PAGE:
Treacle Jr (15)
Odd couples have been a mainstay of comedy for many years and Treacle Jr – the third feature from Jamie Thraves – clothes the funny, thoughtful duo at the heart of his funny, thoughtful film with plenty of hand-me-downs from the likes of Withnail & I and Midnight Cowboy. But does it have the layers of its predecessors? Josh Sweet found out.
Tom (Tom Fisher) is a mystery. At the start of Jamie Thrave’s funny and deceptive film the young-ish father and husband is gently tied to domestic bliss with a beautiful wife, son and home. Then, just as we’re finding our bearings, he unfathomably catches the train from hometown Birmingham to an indifferent London, where, as he settles down to a night in front of an office vent we realise he’s left his family, work, home and life behind for a half-pursued existence on the streets.
And that’s where he meets Aidan (Aidan Gillen), a permanently happy and gregarious Irish sprite with a floppy fringe and a high-pitched screech that unites Frank Carson with Sylvester the Cat. The vivacious, penniless Aidan soon attaches himself to Tom and after a series of failed escapes on Tom’s part, the pair eventually wind up co-habiting a grimy bedsit. There, in between some riveting and very funny schemes to earn a crust (including hedge trimming with a pair of scissors) the two spend their days wandering round the city while talking about trees, heaven and drum kits. But while the ear-to-ear grin upon the childish Aidan’s mottled mug widens, even in the face of brutal beatings from the big city, Tom’s despair only deepens…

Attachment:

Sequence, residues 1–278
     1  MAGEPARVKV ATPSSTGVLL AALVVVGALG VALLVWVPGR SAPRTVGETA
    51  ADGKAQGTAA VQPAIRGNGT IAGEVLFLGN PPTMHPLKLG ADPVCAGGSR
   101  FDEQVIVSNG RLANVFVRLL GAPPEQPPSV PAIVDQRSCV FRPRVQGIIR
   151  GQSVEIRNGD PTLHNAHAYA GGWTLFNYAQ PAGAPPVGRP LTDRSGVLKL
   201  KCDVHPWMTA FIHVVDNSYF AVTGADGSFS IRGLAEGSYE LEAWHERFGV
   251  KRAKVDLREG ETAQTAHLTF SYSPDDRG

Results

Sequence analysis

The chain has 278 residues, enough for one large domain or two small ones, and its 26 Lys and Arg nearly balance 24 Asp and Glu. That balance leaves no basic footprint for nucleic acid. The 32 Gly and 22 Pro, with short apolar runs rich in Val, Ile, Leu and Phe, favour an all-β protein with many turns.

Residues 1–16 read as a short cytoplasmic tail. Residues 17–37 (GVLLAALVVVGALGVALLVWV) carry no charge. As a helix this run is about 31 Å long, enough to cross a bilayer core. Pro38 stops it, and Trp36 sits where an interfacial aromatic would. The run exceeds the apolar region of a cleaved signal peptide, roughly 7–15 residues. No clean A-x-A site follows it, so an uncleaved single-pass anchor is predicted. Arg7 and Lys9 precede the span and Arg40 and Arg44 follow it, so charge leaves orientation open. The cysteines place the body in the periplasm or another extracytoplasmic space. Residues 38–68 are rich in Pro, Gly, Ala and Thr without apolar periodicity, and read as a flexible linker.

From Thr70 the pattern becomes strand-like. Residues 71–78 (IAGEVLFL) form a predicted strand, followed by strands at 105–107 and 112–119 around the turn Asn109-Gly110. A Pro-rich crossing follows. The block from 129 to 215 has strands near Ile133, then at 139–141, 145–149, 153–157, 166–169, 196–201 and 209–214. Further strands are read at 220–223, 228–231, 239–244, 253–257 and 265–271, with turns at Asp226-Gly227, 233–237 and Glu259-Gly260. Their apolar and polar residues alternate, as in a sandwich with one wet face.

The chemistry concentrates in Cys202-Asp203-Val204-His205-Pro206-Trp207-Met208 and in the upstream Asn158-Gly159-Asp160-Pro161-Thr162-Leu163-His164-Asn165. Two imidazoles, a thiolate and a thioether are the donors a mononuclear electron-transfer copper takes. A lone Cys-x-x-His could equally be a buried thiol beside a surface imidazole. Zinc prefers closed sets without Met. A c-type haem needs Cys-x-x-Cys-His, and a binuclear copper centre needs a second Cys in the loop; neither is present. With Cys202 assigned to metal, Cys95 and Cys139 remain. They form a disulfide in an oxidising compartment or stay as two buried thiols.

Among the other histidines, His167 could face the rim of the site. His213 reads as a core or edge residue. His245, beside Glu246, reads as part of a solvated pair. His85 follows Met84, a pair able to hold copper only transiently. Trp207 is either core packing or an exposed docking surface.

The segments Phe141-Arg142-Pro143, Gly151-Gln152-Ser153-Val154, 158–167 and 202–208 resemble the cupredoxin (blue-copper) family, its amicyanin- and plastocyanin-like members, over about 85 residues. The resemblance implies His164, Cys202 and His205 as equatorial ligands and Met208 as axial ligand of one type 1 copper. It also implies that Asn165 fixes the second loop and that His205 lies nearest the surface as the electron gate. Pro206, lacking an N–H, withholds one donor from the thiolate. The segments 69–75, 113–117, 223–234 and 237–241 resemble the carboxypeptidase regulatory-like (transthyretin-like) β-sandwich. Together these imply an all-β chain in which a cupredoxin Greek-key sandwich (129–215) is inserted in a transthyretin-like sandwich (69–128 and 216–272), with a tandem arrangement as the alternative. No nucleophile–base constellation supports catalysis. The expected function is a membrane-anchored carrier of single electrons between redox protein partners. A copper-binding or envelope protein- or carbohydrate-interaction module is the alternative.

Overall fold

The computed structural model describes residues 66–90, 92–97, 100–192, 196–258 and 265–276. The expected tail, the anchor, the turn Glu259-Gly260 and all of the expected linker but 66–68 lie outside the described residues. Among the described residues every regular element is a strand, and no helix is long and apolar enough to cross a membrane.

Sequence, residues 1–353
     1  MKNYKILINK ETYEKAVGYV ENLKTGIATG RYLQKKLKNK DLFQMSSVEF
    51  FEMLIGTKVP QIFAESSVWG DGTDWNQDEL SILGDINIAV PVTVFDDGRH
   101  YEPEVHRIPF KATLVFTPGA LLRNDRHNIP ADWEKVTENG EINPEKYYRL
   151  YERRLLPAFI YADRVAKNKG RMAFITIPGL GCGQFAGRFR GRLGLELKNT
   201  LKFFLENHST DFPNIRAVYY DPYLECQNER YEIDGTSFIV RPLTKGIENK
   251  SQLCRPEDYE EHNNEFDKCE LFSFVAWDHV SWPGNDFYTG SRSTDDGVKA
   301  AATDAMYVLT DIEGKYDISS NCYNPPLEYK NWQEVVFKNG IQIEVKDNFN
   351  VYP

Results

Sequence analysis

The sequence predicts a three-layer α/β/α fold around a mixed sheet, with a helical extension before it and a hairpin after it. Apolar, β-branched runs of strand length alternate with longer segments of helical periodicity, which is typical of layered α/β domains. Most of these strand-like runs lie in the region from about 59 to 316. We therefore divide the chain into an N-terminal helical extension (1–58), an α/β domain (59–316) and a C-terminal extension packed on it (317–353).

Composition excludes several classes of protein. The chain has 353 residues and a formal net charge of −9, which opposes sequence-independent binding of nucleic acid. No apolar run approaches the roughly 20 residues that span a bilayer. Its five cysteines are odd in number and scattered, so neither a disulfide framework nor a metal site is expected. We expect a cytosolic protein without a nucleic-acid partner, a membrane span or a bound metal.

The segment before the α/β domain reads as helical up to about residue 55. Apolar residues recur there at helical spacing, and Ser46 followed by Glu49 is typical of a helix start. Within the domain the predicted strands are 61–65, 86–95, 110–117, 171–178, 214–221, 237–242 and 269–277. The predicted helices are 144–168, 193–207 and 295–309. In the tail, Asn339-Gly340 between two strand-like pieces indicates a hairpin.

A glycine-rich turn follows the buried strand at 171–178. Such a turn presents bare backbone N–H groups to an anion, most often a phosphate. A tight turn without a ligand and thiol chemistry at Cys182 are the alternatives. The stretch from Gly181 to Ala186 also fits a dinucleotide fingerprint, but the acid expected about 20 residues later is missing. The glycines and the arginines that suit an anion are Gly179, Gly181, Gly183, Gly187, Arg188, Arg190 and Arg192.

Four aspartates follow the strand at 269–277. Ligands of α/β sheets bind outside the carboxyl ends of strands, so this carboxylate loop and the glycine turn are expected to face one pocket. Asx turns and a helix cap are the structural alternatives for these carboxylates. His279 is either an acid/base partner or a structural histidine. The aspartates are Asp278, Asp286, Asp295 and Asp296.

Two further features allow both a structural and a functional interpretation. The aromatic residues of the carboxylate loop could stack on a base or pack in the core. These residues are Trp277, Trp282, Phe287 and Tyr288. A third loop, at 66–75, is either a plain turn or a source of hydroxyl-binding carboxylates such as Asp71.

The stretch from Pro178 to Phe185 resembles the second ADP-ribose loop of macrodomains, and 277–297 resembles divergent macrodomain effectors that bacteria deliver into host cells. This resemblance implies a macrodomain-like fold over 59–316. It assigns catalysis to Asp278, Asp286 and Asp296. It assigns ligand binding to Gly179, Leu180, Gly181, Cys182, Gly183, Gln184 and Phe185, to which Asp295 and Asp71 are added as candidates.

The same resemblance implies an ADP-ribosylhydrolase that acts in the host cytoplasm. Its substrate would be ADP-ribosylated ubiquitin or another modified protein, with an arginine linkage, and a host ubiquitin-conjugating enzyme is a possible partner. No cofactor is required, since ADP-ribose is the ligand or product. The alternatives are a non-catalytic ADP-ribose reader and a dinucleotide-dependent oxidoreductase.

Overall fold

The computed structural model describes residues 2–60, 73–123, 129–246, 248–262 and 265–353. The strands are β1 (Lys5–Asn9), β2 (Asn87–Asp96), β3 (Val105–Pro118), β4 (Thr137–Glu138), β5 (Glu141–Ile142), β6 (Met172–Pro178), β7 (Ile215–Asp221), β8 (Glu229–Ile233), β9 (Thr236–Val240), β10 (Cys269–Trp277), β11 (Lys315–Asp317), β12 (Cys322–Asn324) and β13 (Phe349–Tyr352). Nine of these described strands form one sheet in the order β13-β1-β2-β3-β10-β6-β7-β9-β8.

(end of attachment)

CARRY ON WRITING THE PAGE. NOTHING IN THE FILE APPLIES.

Tom, Aidan and Aidan’s volatile ‘girlfriend’ Linda (Riann Steele) are waifs and strays of different creeds, yet each embodies a victimhood at the hands of a heartless, marginalising society. Tom, a 6ft ‘Lurch’ figure, clad in black, starts the film as a void and Aidan merrily fills this empty space with a succession of dreams, schemes and consistently funny and engaging exchanges. But unlike the classic cinematic odd couples they’re descended from, the split personalities of Tom and Aidan become less binary as the film proceeds, rather converging as they reveal their hopes, dreams and fears to one another.
Aided by a tight script that conjures Mike Leigh and Harold Pinter, like the kitten it’s named after Treacle Jr could have wound up little more than a next gen piece of fluff. The sharp claws it displays are a surprise but just as useful as its playfulness.
Treacle Jr is on UK national release from Friday 26th August.
For tickets to Treacle Jr at The Showroom Cinema, Sheffield, click here.